## What Is the Difference between IRR, Single- and Multi-Year ROI?

The main difference between both approaches is the treatment of returns or inflows. The IRR method implicitly assumes that they are re-invested at the same interest rate as all other funds – the IRR – and that the same discount rate is applicable to all cash flows and for all periods.

The multiple-period ROI, on the other hand, follows a different approach:

Returns occurring during the tenor of an instrument or project are either summed up across the periods – implicitly assuming the interest rate was 0 – or subject to a separate calculation where the value at the end of the projection’s time horizon is determined. This future value can then be calculated with an interest rate that deviates from the return rate of the investment itself.

The basic ROI does not make a difference between a one-year investment and an investment over multiple periods. In the latter case, it is therefore a ratio rather than a rate.

Both return on investment measures are suitable if an investment consists of an outflow in the beginning and a single inflow (return) in the last period. If different options are to be compared, both calculations do well as long as the time horizon is identical. Otherwise, the multi-period ROI is the measure of choice in order to calculate annualized return rates for comparison purposes.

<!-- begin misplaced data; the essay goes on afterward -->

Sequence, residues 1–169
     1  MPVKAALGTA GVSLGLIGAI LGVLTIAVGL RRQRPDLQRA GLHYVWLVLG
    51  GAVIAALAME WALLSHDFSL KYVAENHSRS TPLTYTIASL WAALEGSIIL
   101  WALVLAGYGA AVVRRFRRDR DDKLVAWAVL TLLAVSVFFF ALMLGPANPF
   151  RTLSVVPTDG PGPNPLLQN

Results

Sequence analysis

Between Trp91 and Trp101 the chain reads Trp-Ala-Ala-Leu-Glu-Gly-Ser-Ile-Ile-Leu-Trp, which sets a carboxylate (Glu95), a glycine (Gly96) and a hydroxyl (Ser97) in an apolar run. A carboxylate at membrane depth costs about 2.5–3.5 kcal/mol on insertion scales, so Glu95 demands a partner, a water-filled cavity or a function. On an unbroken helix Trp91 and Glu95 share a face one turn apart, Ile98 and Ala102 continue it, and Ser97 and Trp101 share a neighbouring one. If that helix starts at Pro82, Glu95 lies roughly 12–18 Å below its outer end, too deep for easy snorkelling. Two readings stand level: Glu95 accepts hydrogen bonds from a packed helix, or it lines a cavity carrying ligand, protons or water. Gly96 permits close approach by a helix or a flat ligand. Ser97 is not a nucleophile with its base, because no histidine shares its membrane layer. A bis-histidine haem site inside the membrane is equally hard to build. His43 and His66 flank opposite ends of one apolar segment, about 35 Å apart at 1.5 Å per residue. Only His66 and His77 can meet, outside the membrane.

If cash flows occur between the start and end period, the IRR typically leads to more accurate results as it takes into account that earlier cash flows are more valuable than those in late periods. While the multi-period ROI and the IRR indicate the same rate if the investment has only one single inflow, IRR is the method of choice for a series of even or uneven cash flows.

### Overview of Differences between Internal Rate of Return and Return on Investment

The following table summarizes the differences between the three methods.

Internal Rate of Return (IRR) | Return on Investment for a Single Period (basic
ROI) | Return on Investment for Multiple Periods (multi-period
ROI) | |

Result type | Discount rate for an NPV = 0 | Ratio of returns to investment | Annual or periodic rate of return |

Calculation | Iterative process (NPV = 0, solved for the discount rate) | Return (less cost and investment) divided by invested amount | Iterative process (Future Value of an investment, solved for interest/return rate) |

Assumptions | Constant rate of returns for all periods; re-investment assumption analogous NPV | If multiple returns occur, they are treated as a single cumulative inflow in the last period | If multiple returns occur, they are treated as a single cumulative inflow in the last period (alternatively, their future value can be determined for the last period) |